Judge orders man to take down Facebook comments critical of McDonald’s class action settlement

by Walter Olson on February 27, 2013

“Wayne County, Mich. Judge Kathleen MacDonald slapped a Dearborn man with an injunction ordering him to take down his Facebook comments critical of a class-action settlement of a case against McDonald’s for selling non-halal meat.” [Daniel Fisher, Forbes; Paul Alan Levy, Public Citizen; Ted Frank, PoL] More: Blue Dog Thoughts.

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Free speech roundup - Overlawyered
03.11.13 at 12:30 am


1 Mark Hartzler 02.27.13 at 1:50 am

Judge McDonald’s order appears to be an alarming violation of Majed Moughni’s First Amendment rights. Even if later reversed, it will have silenced opposition to a settlement that puts hundreds of thousands of dollars into the pockets of the class action attorneys and third-party charities, yet does nothing to prevent future violations and provides no relief to unnamed class members. It’s the kind of class action settlement that any informed class member should opt out of and I understand why the class action attorneys are eager to silence discussion of the outrageous nature of this settlement.

2 wfjag 02.27.13 at 6:31 am

The McNuggets aren’t halal! I didn’t know they were supposed to be organic.

3 No Name Guy 02.27.13 at 3:15 pm

Judge Kathleen MacDonald, please report to remedial 1st Amendment Constitutional Law class. We’re up to 2 students here in the last couple of weeks.

4 Hugo S. Cunningham 02.27.13 at 4:15 pm

I was interested to read that Public Citizen are the white knights in this case. They have been associated with Ralph Nader, not known as an advocate of tort reform, but perhaps they figure that abusive class action settlements give class action suits in general a bad name.

5 Mark Hartzler 02.27.13 at 5:24 pm

“They have been associated with Ralph Nader, not known as an advocate of tort reform, but perhaps they figure that abusive class action settlements give class action suits in general a bad name.”

True, but Public Citizen isn’t taking a position on the appropriateness of the settlement or whether this is an appropriate class action. It’s the free speech angle, in my opinion, that pulled Paul Levy into the case. The Judge sees a lawyer trying to muscle into a class action settlement and Paul Levy sees an activist protesting an unfair settlement. I’m firmly in activist camp and hope the injunction is vacated and the class opt-out period is extended.

6 David Smith 02.27.13 at 8:37 pm

Under the principal of “truth as an absolute defense” (yeah, I know. ONLY the US includes that in its applied law) if he can prove what he said is the truth or opinion (opinion is by definition “the truth” – how can you lie about the truthfulness of your truthfulness about you thoughts) if this shows up in actual court (the lawyers will NOT permit it) the battle could get interesting – and deadly ugly.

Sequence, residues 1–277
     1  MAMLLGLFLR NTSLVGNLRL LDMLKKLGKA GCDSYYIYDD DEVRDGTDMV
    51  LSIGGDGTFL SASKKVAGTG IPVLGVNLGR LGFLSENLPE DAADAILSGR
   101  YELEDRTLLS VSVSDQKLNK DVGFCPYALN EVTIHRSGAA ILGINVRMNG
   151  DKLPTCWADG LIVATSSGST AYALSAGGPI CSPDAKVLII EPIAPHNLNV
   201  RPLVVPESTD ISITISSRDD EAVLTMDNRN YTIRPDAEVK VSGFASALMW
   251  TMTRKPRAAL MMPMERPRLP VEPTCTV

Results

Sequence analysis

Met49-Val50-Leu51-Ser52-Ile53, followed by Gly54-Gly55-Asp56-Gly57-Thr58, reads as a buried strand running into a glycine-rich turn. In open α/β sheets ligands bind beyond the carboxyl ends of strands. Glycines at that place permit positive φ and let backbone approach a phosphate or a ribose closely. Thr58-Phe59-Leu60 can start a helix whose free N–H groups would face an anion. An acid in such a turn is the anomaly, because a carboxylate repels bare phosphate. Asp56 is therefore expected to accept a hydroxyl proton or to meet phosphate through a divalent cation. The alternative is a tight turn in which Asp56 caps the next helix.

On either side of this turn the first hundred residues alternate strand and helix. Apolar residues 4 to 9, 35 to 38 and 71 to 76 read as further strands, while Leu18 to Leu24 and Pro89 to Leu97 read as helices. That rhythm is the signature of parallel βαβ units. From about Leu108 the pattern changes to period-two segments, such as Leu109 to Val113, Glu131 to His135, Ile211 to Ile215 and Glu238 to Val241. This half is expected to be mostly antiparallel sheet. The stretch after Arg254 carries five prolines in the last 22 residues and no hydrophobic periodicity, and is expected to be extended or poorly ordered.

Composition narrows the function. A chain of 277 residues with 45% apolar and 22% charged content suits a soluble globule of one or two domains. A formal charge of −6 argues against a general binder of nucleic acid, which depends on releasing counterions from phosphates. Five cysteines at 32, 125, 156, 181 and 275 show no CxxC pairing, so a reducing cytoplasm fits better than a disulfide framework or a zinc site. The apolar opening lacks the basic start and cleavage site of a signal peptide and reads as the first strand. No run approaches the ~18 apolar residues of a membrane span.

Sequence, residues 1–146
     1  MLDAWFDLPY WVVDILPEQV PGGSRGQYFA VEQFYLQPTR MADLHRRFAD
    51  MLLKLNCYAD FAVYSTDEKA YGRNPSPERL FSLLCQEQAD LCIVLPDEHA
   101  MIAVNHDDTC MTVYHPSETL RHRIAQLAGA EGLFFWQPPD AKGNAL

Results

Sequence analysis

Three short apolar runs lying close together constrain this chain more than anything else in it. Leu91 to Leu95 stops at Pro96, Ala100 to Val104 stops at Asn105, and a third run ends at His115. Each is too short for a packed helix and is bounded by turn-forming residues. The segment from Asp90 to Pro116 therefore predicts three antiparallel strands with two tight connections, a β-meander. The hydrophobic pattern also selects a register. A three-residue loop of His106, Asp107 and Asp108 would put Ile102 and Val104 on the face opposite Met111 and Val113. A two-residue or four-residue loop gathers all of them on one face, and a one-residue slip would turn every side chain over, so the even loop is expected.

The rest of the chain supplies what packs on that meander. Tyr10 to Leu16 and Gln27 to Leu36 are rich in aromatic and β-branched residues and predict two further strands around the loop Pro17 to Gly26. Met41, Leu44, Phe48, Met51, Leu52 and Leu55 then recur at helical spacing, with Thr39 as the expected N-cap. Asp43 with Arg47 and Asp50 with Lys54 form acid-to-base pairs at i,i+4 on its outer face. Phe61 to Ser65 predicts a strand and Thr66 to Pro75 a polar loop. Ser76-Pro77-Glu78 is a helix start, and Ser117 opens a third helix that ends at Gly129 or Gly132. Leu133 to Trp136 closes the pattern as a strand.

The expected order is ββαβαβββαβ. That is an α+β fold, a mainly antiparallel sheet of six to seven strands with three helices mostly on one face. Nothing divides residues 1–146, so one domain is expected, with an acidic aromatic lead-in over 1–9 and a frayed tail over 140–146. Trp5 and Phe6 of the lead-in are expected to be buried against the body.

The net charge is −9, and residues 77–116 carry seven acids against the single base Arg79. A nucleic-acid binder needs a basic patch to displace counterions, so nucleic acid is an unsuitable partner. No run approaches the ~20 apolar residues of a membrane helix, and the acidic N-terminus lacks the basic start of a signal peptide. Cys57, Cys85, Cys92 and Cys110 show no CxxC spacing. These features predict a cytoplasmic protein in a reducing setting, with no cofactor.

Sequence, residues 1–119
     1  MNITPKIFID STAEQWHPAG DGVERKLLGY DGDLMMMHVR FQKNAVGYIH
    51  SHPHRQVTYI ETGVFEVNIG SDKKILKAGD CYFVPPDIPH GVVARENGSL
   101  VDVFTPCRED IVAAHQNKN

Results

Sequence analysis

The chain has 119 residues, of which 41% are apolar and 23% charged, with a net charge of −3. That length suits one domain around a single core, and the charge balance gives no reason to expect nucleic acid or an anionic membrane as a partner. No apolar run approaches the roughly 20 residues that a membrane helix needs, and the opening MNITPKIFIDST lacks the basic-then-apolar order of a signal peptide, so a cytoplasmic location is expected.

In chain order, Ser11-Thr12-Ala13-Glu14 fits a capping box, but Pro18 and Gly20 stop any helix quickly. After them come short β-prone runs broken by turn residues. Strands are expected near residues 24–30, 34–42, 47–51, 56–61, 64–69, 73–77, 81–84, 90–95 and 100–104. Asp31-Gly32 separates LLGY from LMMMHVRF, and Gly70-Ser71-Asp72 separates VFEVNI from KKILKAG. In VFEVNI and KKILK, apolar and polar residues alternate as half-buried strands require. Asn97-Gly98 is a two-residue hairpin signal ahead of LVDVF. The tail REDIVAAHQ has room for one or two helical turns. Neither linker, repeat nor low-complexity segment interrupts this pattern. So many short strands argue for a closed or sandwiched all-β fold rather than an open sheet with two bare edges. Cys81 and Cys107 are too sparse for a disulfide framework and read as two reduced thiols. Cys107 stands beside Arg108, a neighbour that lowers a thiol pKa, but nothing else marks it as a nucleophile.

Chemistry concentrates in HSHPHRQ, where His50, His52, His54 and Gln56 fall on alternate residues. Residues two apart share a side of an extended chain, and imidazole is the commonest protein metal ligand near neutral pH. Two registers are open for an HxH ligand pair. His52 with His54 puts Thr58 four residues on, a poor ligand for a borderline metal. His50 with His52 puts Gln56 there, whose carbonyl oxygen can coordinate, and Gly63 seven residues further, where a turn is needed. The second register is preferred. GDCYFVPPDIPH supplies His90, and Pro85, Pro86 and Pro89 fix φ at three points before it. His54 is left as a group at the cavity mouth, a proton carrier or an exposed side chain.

7 Bill Poser 02.27.13 at 11:52 pm

Until the injunction is overturned, others should repost the same criticism of the settlement. The judge is a county judge and so has no jurisdiction outside Michigan.

8 Paul Alan Levy 02.27.13 at 11:53 pm

Hugo Cunningham has pegged our views accurately. Although we have taken no position on the propriety of this class action settlement, my colleagues at Public Citizen have been deeply involved in the developing law of challenges to unfair and collusive class action settlements, going back to the Georgine case and even before. I myself did one of Public Citizen’s first cases in this area, a challenge to the settlement of a class action in federal court in St. Louis over Chrysler’s odometer tampering back in the 1980’s. The practice continues today — the Ninth Circuit just denied en banc reconsideration of our challenge to the the cy pres settlement in a class action against Facebook for its Beacon program.

We see the class action as an absolutely essential remedial tool, for example in cases where individual claims are too small to justify paying a lawyer to litigate them. At the same time there is a tendency for defendants to collude with plaintiffs’ lawyers in some cases to settle for as little as possible for the class — a race to the bottom, as it were. By keeping the class action settlement process honest, we preserve this essential tool.

9 ParatrooperJJ 02.28.13 at 1:45 pm

An arrest warrant for a contempt charge would be valid nationwide, not just in MI…..

10 MattS 02.28.13 at 3:19 pm


True, assuming a valid contempt charge. My understanding is that a court can not issue a contempt charge against someone not already subject to its jurisdiction. So the MI court would not be able to issue a contempt charge or an arrest warrant for it against someone outside of MI that re-posts the criticism of the class action settlement.

11 steve mansfield 03.11.13 at 6:08 pm

As a former judge I am shocked and appalled by the clearly unconstitutional act by this judge. Perhaps another example of PC (which is the McCarthyism of the Left) gone wild as this judge is obviously trying to stifle a conservative critique of the abuse of the class action system perpetrated by the Trial Bar, one of the biggest funders of liberal causes.

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